You see? This is what’s wrong with private enterprise, especially in California. Those wimps aren’t willing to invest in something that will “pay for itself” ten times over in a “very short period of time”. That’s why all the greatest economic advances have come from over-aged students, business council speechifiers, bureaucrats, and career apparatchiks!
If you believe calling your opponents names is a sign that you have lost the argument, then this new high-speed rail commercial from the California Alliance for Jobs — in which unexpectedly macho proponents of the
$41 billion, $110 billion, $98.5 billion, $68.4 billion high-speed rail project deride skeptics as “wimps” — is pretty much the end of the line [...]
What reveals the intellectual bankruptcy of the high-speed rail project is not the insults but that what is supposed to be a rousing propaganda piece comes off like an orientation video for new hires at a failing company.
The video’s cast includes
hacks respected citizens from Operating Engineers Local 3, including Alliance for Jobs Executive Director Jim Earp, along with leaders from what’s usually referred to as the “business community” whose skill sets cluster around serving on business councils rather than doing any actual business. There’s also a career apparatchik and the founder of the “I Will Ride” Student Coalition, who is apparently a UC Merced senior but looks at least a decade too old.
[. . .]
Again, why not just claim the Fresno-Bakersfield line will end up carrying 38 million people, the entire population of California, every day? It would be no less accurate than the current claims, which have been made with no data on ticket costs, no comparative studies of existing bullet-train ridership, or anything else that can reasonably pass for due diligence.
Oh, and nobody actually knows where the bullet train will go to or from. (Past, present and possibly future candidates include Corcoran, Borden, Fresno, Anaheim, Los Angeles, San Francisco, and some guy named Dave’s rec room.) You wouldn’t build a patio with the amount of planning that’s gone into the high-speed rail project.
To put the headline into a bit of perspective, note that only one high speed rail line in the world is profitable. This is an old hobby horse of mine and I’ve posted about High Speed Railways a few times before.
Update: And to answer the question about why parts of Europe, Japan, and China have high speed rail systems and neither Canada nor the United States do, here’s a brief overview I wrote last year:
The best place to build a high speed rail system for the US would be the Boston-New York-Washington corridor (aka “Bosnywash”, for the assumed urban agglomeration that would occur as the cities reach toward one another). It has the necessary population density to potentially turn an HSR system into a practical, possibly even profitable, part of the transportation solution. The problem is that without an enormous eminent domain land-grab to cheat every land-owner of the fair value of their property, it just can’t be done. Buying enough contiguous sections of land to connect these cities would be so expensive that scrapping and replacing the entire navy every year would be a bargain in comparison.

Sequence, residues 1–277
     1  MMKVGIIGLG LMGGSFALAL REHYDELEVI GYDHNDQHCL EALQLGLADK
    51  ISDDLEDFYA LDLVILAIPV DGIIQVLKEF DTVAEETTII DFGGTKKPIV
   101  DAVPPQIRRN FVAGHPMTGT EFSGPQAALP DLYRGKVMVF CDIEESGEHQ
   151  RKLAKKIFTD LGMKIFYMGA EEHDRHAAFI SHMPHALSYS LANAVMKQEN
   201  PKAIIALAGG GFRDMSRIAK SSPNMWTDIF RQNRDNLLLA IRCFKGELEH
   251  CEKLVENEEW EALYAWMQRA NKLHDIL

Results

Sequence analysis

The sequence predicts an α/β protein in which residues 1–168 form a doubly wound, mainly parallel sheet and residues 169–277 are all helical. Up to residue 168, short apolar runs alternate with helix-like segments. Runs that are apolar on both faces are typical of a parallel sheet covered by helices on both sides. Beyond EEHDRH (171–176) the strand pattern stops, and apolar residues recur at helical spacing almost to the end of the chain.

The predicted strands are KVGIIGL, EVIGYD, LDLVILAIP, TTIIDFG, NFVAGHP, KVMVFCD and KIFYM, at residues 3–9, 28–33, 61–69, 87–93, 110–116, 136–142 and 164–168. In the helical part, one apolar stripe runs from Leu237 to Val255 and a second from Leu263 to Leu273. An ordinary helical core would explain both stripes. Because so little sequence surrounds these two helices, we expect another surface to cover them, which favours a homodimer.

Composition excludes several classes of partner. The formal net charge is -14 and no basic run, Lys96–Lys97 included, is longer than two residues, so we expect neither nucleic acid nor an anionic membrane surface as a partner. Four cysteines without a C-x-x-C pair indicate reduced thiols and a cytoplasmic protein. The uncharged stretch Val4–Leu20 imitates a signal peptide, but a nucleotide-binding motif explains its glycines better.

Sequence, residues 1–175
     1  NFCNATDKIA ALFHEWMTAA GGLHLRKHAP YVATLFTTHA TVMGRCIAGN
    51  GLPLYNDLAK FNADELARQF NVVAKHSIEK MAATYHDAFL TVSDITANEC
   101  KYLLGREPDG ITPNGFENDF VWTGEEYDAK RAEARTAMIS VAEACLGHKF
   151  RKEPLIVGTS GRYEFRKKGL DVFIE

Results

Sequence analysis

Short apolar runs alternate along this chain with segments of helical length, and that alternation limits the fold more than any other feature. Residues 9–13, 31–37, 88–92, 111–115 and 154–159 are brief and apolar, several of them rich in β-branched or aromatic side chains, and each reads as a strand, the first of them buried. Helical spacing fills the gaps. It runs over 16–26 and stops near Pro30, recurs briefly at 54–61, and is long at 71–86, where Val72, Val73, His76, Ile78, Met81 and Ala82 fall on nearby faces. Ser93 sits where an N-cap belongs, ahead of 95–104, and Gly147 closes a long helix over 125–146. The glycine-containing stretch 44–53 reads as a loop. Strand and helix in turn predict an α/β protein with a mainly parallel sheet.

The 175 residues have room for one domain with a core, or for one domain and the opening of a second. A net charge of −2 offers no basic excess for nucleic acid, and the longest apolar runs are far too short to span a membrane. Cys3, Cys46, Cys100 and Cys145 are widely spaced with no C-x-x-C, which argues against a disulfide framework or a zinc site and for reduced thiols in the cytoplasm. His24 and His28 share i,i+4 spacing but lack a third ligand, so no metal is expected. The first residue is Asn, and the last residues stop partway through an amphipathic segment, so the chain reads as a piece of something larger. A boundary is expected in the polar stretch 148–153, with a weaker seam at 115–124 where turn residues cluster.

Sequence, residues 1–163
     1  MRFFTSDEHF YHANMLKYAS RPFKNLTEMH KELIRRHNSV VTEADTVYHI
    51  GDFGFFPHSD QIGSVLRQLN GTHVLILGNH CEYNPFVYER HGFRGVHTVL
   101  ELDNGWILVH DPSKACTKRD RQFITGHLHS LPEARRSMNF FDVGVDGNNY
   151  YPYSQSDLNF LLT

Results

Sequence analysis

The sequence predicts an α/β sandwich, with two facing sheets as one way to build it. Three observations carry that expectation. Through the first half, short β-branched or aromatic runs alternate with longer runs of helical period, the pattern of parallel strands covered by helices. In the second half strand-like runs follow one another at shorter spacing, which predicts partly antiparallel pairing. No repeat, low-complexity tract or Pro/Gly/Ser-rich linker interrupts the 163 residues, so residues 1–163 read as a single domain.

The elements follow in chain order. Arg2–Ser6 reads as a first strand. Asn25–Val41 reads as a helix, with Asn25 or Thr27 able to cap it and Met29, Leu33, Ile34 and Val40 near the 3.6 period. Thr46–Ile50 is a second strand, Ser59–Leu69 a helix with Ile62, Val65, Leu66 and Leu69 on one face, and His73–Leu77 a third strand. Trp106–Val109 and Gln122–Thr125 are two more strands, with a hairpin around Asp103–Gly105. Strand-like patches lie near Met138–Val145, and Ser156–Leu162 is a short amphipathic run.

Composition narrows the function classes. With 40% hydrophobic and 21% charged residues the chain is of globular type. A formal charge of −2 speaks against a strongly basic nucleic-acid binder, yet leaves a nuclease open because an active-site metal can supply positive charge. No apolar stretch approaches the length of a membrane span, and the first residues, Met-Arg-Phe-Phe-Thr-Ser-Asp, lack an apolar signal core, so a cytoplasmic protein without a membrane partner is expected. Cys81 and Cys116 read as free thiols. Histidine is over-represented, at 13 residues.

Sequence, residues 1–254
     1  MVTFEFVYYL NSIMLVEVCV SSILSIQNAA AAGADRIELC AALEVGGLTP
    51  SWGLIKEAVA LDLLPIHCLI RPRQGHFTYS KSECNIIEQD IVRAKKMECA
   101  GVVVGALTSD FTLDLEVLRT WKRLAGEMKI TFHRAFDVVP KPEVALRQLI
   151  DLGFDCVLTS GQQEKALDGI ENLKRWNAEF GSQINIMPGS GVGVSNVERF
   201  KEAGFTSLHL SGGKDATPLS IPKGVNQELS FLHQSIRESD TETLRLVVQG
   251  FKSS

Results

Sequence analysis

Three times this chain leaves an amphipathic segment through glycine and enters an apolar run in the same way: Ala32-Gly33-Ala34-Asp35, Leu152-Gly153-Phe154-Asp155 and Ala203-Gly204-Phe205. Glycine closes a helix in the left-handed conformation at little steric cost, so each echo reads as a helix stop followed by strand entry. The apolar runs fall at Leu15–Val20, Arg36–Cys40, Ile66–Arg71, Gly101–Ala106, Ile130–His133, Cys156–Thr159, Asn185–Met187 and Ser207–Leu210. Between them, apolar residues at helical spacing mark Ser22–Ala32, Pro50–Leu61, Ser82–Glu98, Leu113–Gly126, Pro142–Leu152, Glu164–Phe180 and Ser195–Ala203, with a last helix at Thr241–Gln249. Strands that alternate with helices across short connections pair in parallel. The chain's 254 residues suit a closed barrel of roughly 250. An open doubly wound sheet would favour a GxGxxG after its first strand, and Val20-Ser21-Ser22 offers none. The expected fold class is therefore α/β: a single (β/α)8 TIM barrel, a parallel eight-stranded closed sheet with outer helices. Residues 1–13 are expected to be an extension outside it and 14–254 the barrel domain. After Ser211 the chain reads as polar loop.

The American railway system is built around freight: passenger traffic is a tiny sliver of the whole picture. Ordinary passenger trains cause traffic and scheduling difficulties because they travel at higher speeds, but require more frequent stops than freight trains, and their schedules have to be adjusted to passenger needs (passenger traffic peaks early to mid-morning and early to mid-evening). The frequency of passenger trains can “crowd out” the freight traffic the railway actually earns money on.
Most railway companies prefer to avoid having the complications of carrying passengers at all — that’s why Amtrak (and VIA Rail in Canada) was set up in the first place, to take the burden of money-losing passenger services off the shoulders of deeply indebted railways. Even after the new entity lopped off huge numbers of passenger trains from its schedule, it couldn’t turn a profit on the scaled-down services it was offering.
Ordinary passenger trains can, at a stretch, share rail with freight traffic, but high speed trains cannot. At higher speeds, the actual construction of the track has to change to deal with the physical problem of safely guiding the fast passenger trains along the rail. Signalling must also change to suit the far-higher speeds — and the matching far-longer safe braking distances. High speed rail lines cannot be interrupted with grade crossings, for the safety of passengers and bystanders, so additional bridges and tunnels must be built to avoid bringing road vehicles and pedestrians too close to the trains.
In other words, a high speed railway line is far from being just a faster version of what we already have: it would have to be built separately, to much higher standards of construction.
Getting back to the California HSR line; it goes from A to B on this map:
Okay, you think, at least Fresno will get some snazzy slick rail service . . . except this section will be built but not operated until further connecting sections are built . . . at a later date. Maybe. It will be the track, including elevated sections through Fresno, and the physical right-of-way, but no electrical system to power the trains; but that’s fine, because the budget doesn’t include any actual trains.